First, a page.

Photo credit Lior Mashiach
Prep Cook Yield Ready In
45 minutes 30 minutes 4-6 1 hour 15 minutes

Pull-Apart Rugelach Cake Recipe

Gooey and sticky, this might be the perfect cake.

Israeli rugelach are quite different from the American version, and so this cake wouldn’t work using American rugelach. Israeli rugelach use a yeasted dough and are pastry-like, making them ideal for a gooey cake; American rugelach typically use a quicker, chilled butter and cream cheese dough that is flaky and sweet.

The method for this indulgent rugelach cake is quite simple: You make your rugelach recipe and then place them tightly inside a small ring or a cake pan so that they proof into one another and bake as one, delicious pull-apart treat.


For the dough:

  • 3 tsp (13 grams) active dry yeast
  • 1 cup (250 ml) whole milk, at room temperature
  • 3 1/2 Tbsp (40 grams) sugar
  • 1/3 cup (80 grams) butter, melted
  • 4 cups (500 grams) bread flour
  • a pinch of salt
  • 2 Tbsp ground cardamom
  • 1 egg plus 1 beaten egg, for brushing

For the filling:

  • 2/3 cup (160 grams) butter, softened
  • 3/4 cup (80 grams) cocoa
  • 1 1/3 cups (160 grams) powdered sugar
  • 3.5 oz (100 grams) cookie crumbs
  • a pinch of salt
  • 1 tsp vanilla extract
  • 1/2 cup Nutella or hazelnut chocolate spread

For the syrup:

  • 1 cup (200 grams) granulated sugar
  • 1/3 cup plus 4 tsp (100 grams) water


  1. Place the yeast and milk in the bowl of a stand mixed fitted with the dough hook and mix well. Add the sugar and melted butter, and mix.
  2. Add the salt and ground cardamom to the flour and mix. Gradually, while continuously kneading, add the flour mixture to the mixer. It’s possible depending on the time of year and the climate where you live that you may not need to use all the flour – the dough shouldn’t be too wet or too dry. Look for a soft and smooth texture.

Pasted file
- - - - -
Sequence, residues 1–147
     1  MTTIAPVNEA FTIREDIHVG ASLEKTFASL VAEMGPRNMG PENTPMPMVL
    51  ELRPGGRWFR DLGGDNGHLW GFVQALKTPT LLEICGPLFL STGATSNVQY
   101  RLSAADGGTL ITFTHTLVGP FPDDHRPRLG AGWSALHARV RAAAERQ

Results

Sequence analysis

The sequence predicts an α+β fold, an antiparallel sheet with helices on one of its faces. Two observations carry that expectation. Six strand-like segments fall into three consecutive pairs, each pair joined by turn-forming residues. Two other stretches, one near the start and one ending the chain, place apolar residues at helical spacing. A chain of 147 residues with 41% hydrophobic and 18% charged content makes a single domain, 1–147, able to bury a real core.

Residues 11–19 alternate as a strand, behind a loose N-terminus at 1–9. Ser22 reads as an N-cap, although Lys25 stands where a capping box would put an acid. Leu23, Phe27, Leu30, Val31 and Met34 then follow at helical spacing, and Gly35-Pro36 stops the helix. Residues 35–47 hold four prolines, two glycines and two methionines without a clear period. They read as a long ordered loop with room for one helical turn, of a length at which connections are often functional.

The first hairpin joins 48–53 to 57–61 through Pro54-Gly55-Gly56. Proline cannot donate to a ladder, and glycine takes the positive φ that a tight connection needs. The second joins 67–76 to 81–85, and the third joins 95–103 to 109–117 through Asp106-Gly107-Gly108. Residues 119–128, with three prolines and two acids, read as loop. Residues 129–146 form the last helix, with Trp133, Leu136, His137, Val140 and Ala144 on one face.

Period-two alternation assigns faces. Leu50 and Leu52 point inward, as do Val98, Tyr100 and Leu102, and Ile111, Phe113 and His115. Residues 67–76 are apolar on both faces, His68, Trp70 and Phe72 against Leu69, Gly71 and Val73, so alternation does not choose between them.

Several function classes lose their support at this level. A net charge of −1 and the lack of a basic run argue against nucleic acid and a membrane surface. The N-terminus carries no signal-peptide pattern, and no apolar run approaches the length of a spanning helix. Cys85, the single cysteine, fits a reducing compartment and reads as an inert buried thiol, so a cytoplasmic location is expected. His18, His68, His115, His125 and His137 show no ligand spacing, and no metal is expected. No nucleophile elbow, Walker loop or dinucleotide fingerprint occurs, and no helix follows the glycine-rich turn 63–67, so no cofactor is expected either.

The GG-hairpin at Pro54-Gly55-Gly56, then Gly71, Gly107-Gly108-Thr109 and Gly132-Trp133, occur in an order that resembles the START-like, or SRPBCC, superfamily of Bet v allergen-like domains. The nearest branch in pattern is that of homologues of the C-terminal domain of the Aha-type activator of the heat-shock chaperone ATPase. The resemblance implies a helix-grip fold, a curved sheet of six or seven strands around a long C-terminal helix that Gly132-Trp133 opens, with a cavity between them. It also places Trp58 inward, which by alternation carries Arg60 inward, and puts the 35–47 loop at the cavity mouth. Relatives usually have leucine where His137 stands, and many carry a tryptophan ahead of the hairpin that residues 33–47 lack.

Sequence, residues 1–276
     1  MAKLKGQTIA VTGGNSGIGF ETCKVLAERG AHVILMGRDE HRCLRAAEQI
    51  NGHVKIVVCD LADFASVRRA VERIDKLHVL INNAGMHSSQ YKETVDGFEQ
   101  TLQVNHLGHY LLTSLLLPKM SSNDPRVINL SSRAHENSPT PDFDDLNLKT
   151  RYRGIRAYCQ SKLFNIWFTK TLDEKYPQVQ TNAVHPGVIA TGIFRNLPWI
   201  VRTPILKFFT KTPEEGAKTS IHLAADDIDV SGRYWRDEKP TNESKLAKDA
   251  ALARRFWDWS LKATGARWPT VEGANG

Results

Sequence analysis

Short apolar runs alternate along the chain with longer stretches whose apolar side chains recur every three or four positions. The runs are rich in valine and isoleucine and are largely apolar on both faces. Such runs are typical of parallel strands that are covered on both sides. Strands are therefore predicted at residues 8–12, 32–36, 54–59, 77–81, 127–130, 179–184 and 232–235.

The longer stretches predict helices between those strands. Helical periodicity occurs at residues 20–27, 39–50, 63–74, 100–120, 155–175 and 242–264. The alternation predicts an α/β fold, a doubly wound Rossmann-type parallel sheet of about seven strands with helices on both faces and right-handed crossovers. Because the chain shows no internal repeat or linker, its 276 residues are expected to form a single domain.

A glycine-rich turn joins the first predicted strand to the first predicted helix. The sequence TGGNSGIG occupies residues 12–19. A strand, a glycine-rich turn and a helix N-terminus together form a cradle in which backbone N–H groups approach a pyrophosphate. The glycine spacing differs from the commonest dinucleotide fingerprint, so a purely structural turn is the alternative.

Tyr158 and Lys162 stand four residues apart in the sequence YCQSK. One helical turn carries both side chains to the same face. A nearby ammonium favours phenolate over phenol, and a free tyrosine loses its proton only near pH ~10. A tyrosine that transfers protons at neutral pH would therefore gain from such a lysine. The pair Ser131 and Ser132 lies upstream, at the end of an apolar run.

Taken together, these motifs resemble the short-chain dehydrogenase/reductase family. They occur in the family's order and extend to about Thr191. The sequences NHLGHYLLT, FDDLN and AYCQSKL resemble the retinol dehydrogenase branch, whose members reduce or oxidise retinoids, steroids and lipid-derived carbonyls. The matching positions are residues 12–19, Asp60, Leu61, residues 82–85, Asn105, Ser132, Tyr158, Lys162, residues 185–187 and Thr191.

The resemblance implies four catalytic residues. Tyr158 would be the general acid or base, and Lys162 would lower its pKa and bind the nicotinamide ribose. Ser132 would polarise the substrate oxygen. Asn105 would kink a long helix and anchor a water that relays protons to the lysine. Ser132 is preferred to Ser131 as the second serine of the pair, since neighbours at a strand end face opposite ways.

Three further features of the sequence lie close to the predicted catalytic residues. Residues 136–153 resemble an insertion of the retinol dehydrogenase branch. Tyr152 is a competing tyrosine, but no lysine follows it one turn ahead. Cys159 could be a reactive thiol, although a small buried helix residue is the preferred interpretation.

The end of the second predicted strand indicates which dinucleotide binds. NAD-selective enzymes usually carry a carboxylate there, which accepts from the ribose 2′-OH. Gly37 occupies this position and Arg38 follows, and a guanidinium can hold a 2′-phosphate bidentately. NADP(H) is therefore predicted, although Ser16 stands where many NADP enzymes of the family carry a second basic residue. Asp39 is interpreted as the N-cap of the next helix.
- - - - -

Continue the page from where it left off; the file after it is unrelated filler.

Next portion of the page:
3. Add the egg and knead until the dough separates from the bowl.
  4. Transfer the dough to a greased bowl, cover, and let rise for 30 minutes.
  5. For the filling, place all the ingredients in a bowl and mix well. Set aside at room temperature until ready to use. The filling should have a spreadable consistency; if it is too cold it will tear the dough when spread, and if it’s too soft it will melt.
  6. To assemble the rugelach, line an 8 or 9 inch round baking pan with parchment paper. Place the dough on a lightly floured work surface and roll to a 40×40 cm/16×16 in rectangle, about 5 mm/0.2 in thick. Spread an even layer of the filling all the way to the edges.
  7. Fold the dough into thirds, as you would fold a letter: Grab the top edge and fold it towards the center, and then grab the bottom edge and fold it over to cover. Roll to a 20×40 cm/8-16 in rectangle, 5 mm/0.2 in thick.
  8. Using a pizza cutter roller, cut the dough in half, to two long rectangle strips 10×40 cm/4×16 in. Make a notch every 6 cm/2.5 in along one side of each strip and use that marking to cut to triangles.
  9. Cut a small slit at the wide end of the triangle, then tightly roll up into a crescent shape, making sure the tip is underneath.
  10. Place the rugelach in the baking pan, overlapping on one another. Cover, and let rise for 45-60 minutes.
  11. Preheat the oven to 180 degrees C/350 degrees F.
  12. Bake 20-25 minutes, until golden brown.
  13. While the cake is baking, prepare the syrup by placing the sugar and water in a saucepan. Bring to a boil until sugar is dissolved, then set aside.
  14. Brush the rugelach cake with the hot syrup as soon as it comes out of the oven. Allow to cool before serving.

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